The second wave of feminist movement occurred mainly between 1960 and 1990, and mainly focused on gender equality. The movement was largely inspired by works of Betty Friedan, and sort to address the middle class woman`s life. The stage sort to enlighten women on ways of empowering themselves through their inclusion in the politicized issue of society. The third stage strengthened the second one in terms of women representation in social and political platforms. The stage triggered debates concerning aspects such as voting rights for minority communities. This stage saw the introduction of rallying of feminists. Enshrined in the Feminist movement were separate ideologies such as the Black Woman Feminism of the US involving black women rights, as well as women health, religion, heterosexual relations, social rights among others (U.S. Department of Health & Human Services 1). In 1903, the National Women`s Trade Union League (NWTUL) negotiated better trade and wage representation of women.
Civil Rights versus Feminist Movements Similarities
Both movements were concerned with acquisition of human rights and freedoms largely considered as fundamental in nature. For instance, civil rights advocated for issues bordering on individual dignity such as freedom from discrimination and freedom of movement and association. The feminist movement focused on better representation and wages, and the right to work.
Both movements, even though largely dominant in the US, had a global bearing, occurring in various other regions through-out the world. Similar conditions existed in most regions of the world. Both movements brought change in modern societies involving better realization and protection of rights.
Civil Rights versus Feminist Movements Differences
One major difference is that while civil rights usually represented both genders and was only categorized on issues such as basic rights, work, dignity, and discrimination, feminist movements were largely focused only on women issues. It was therefore a struggle of women against society (hooks 35). The feminist movement had started much earlier than the general civil rights movement in the early 18[th] century, but only became popular or significantly successful in the latter half of the 20[th] century. The civil rights movement, on the other hand, spanned a shorter time and was more rapidly successful then the feminist movement (Napikoski). The feminist movement at no time incorporated use of force or armed rebellion, while civil rights movement saw use of force in several instances. In addition, the feminist movement was largely a US movement, while civil rights movements occurred in many regions worldwide.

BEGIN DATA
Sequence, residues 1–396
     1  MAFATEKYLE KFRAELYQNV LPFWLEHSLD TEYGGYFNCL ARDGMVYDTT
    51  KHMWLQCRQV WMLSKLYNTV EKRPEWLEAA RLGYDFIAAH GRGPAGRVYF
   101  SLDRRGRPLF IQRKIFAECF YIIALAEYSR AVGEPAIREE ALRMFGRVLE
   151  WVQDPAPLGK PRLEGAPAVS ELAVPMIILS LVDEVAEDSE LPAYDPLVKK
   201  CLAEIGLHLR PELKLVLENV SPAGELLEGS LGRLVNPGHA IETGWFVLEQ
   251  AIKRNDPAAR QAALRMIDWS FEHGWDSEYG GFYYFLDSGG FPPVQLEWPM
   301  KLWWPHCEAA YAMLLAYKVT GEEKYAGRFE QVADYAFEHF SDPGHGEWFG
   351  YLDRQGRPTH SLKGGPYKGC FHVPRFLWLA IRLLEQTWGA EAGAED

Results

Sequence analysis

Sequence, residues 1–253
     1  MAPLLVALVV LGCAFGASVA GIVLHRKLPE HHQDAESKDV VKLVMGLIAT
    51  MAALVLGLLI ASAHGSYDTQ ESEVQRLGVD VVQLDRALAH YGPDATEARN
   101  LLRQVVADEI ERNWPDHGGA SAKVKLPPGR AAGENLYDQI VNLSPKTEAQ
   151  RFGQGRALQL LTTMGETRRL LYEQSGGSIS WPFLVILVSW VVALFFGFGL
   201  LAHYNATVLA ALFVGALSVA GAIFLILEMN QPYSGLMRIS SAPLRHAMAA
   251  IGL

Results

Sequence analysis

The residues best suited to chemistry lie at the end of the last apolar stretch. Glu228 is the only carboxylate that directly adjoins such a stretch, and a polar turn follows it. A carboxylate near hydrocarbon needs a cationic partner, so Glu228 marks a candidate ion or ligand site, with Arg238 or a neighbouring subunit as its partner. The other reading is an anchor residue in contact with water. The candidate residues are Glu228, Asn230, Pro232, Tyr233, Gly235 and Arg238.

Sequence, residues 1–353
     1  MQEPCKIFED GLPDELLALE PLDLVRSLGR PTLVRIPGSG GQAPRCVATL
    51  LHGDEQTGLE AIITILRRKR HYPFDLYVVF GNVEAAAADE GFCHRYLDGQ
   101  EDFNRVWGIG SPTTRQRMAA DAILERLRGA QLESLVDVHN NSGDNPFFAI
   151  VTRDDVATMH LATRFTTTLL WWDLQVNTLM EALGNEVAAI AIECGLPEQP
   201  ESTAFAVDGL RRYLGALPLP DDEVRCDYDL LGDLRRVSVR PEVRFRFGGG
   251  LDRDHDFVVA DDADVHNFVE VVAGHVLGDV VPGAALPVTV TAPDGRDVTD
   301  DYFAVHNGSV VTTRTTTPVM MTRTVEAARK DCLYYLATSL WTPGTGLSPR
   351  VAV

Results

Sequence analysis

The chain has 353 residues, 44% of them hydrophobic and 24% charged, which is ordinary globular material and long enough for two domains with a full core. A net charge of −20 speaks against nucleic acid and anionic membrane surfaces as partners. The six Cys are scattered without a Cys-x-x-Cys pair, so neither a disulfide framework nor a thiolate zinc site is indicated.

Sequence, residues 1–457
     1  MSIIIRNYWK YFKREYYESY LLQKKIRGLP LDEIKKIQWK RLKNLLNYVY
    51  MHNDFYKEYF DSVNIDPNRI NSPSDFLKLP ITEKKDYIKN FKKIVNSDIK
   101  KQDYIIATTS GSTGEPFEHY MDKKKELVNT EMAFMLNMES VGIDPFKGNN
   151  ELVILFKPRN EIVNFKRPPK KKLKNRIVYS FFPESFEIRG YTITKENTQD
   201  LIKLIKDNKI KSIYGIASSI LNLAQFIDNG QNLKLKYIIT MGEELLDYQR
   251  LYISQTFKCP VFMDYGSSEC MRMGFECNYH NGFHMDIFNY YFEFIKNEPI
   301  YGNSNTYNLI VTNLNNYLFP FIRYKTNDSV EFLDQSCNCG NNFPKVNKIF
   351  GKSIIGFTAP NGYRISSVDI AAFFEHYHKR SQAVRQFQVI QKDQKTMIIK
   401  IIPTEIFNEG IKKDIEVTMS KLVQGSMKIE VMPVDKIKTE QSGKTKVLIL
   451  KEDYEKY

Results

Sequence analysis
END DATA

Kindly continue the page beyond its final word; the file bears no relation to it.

Works Cited
A&E Television Networks, LLC. Civil Rights Movement. Web. 2013, Accessed 20 February 2013
Hooks, bell . Feminist theory: from margin to center. Cambridge, Massachusetts: South End Press. 2000. Print.
Napikoski, Linda. Goals of the Feminist Movement. Web.2013, Accessed 20 February 2013

U.S. Department of Health & Human Services. Civil Rights. Web.2013, Accessed 20 February 2013

Sheet Two
Logical Basis of Comparison
Comparison item
Civil rights movement
Feminist movement
1950- 1980
18[th], 19[th] and 20[th] centuries
Region of occurrence
Multiple, mainly US and Europe
Mainly US
Major issues addressed
Discrimination, work, freedoms of movement, association
Women issues, sexuality, reproduction, work, representation
People involved
Cross gender
Rapidly successful
Gradually successful
Block Outline for Comparison
The essay compares and contrast the Civil Rights and the Feminist movements in terms of when they occurred, why, who were represented, which regions were involved, what issues were addressed and outcomes
Civil Rights Movement
When- mainly in the mid 20[th] century
Why- imbalance of society on issues of ethnicity, poverty and rule of law
People involved- disadvantaged/ marginalized groups along poverty, race, work, geographical location
Regions- USA, Europe, Africa, South America, Asia
Issues- Racial discrimination, equality, better wages, religion
Outcome- Rapid success with involvement of violent activity
Feminist Movement
When- 18[th], 19[th] and 20[th] centuries though popularized only in 20[th] century
Why- women oppression in various issues
People involved- women
Regions- mostly popular in US but present through-out the world
Issues- reproduction, sexuality, work, equality, freedoms
Outcome – gradually successful, non violent